Baltimore Four men have tried. No one has succeeded.
Is anyone out there capable of having a winning season as manager of the Baltimore Orioles?
Sam Perlozzo was fired by the Orioles on Monday, the result of his inability to bring last-place Baltimore out of a lengthy funk culminated by an eight-game losing streak.
"We felt Sam was prepared, we felt the club was prepared to do battle every night," executive vice president Mike Flanagan said in a news conference. "For whatever reason, it just wasn't working."
Bullpen coach Dave Trembley will be the interim manager when the Orioles begin a six-game trip in San Diego today. One of the leading candidates to fill the position on a full-time basis is Joe Girardi, voted NL Manager of the Year in 2006 with the Florida Marlins after he was fired in a dispute with ownership.
On another front, the Orioles are negotiating with former Chicago Cubs president Andy MacPhail about becoming chief operating officer, a job left vacant since Joe Foss resigned earlier this year.
Since Davey Johnson guided the Orioles to a first-place finish in 1997, no one has been able to win in Baltimore. Ray Miller, Mike Hargrove, Lee Mazzilli and Perlozzo all failed, and unless the Orioles pull off a surprising turnaround, the team's franchise-record run of losing seasons will reach 10 in 2007.
This was supposed to be the year when Baltimore finally made some noise in the AL East. The team spent $42 million to overhaul the bullpen, signed free agent hitters Aubrey Huff and Jay Payton, and added Jaret Wright and Steve Trachsel to the rotation.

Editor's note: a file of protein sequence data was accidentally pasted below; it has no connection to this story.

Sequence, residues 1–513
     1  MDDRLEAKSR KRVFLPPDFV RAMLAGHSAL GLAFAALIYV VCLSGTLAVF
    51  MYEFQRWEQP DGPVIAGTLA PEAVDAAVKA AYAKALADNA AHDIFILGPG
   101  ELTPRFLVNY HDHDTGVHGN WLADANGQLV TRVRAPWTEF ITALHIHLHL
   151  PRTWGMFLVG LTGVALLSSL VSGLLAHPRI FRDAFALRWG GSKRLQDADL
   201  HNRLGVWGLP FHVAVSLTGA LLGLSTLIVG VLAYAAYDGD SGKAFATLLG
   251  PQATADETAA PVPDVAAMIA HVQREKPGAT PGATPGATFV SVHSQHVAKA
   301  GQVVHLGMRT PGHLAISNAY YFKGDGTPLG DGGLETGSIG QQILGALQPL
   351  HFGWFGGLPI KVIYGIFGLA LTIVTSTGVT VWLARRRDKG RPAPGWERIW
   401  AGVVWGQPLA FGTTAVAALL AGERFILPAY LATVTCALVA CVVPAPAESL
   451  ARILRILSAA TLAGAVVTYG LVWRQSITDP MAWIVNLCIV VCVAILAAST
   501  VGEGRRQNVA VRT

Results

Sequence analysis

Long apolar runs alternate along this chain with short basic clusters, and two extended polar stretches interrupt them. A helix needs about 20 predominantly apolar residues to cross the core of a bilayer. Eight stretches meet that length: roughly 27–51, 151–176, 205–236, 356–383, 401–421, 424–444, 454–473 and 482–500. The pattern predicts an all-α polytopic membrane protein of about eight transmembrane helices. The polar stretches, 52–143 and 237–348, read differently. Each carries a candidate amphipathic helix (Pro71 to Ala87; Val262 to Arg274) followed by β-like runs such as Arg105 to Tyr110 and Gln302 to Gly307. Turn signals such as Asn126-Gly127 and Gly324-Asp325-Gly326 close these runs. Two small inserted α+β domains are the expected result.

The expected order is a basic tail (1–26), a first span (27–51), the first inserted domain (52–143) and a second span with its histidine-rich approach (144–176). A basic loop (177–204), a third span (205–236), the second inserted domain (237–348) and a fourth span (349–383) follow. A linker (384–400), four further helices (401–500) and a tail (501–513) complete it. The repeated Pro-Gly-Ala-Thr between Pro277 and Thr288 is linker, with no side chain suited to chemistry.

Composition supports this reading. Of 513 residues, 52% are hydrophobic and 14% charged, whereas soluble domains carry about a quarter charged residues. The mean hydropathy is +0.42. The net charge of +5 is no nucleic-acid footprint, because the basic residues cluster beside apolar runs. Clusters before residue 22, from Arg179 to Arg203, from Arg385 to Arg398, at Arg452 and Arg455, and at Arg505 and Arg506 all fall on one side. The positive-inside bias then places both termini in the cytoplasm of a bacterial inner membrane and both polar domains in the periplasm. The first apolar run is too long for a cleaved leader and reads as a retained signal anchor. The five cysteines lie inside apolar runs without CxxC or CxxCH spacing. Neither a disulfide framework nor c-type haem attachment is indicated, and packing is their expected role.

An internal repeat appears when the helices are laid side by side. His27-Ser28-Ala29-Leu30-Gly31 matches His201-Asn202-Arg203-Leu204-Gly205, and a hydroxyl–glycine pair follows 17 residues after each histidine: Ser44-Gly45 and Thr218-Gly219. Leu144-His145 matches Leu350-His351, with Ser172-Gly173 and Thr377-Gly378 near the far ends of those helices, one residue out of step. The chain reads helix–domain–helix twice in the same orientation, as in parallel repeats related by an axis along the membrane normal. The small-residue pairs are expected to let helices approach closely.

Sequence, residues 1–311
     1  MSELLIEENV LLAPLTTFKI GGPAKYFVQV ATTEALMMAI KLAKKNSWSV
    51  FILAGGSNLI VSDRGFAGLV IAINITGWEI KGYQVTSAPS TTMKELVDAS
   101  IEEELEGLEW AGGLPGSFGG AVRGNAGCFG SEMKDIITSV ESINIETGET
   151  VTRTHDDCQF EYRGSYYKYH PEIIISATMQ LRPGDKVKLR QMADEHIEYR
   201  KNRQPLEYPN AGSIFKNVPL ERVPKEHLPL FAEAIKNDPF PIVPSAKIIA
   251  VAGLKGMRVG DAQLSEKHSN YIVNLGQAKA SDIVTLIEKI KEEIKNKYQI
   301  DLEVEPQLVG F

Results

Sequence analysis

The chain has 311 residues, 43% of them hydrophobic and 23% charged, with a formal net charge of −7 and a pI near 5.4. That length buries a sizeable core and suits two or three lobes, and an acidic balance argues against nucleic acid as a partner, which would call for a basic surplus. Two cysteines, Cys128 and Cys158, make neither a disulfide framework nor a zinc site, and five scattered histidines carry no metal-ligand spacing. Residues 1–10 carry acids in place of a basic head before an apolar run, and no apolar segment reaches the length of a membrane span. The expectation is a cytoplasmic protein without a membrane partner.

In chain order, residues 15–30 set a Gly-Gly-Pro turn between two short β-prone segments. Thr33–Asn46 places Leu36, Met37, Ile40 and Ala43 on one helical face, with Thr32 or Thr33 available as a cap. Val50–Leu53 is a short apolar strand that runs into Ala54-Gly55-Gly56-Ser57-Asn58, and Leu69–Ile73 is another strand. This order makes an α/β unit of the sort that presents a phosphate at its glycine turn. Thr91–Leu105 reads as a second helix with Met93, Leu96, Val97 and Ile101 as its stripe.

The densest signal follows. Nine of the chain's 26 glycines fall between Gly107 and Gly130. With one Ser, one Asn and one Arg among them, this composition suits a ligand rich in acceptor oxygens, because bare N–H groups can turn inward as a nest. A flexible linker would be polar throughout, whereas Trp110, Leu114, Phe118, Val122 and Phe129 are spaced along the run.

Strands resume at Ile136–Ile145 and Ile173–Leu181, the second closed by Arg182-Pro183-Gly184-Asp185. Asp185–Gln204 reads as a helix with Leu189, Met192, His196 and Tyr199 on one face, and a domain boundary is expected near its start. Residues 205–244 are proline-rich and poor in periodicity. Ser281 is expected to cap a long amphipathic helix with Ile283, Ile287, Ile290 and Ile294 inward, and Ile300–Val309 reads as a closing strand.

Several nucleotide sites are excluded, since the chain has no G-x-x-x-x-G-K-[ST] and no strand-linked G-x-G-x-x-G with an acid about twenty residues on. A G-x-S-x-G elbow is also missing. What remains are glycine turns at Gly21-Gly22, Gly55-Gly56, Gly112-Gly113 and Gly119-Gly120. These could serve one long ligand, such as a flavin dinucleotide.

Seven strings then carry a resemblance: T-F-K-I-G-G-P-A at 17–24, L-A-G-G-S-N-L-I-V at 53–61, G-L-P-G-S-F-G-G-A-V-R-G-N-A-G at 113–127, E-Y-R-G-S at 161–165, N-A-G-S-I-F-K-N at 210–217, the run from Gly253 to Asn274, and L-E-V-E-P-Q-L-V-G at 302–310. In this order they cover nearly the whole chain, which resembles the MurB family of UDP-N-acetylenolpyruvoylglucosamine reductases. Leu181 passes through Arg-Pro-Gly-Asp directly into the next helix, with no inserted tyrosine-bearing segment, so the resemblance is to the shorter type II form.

The additions did not provide the desired results.
Danys Baez, who signed a $19 million, three-year contract, lost his job as setup man and was 0-4 with a 6.52 ERA before going on the 15-day disabled list Saturday. Orioles relievers were 0-5 with a 6.00 ERA during the homestand.
Huff and Payton have been adequate, but the offense is batting .260 with a mere 50 homers in 69 games.
Wright was removed from the rotation in April with shoulder stiffness and could be lost for the year, and left-hander Adam Loewen had season-ending elbow surgery last week.
For two months, the Orioles performed beyond expectations. Baltimore was 27-27 and in second place May 31 before losing 13 of 15 in June, including the last eight games of a 1-8 homestand that ended Sunday.
Baltimore's 29-40 record is the fifth-worst in the major leagues. The Orioles started the day trailing first-place Boston by 151â2 games in the AL East.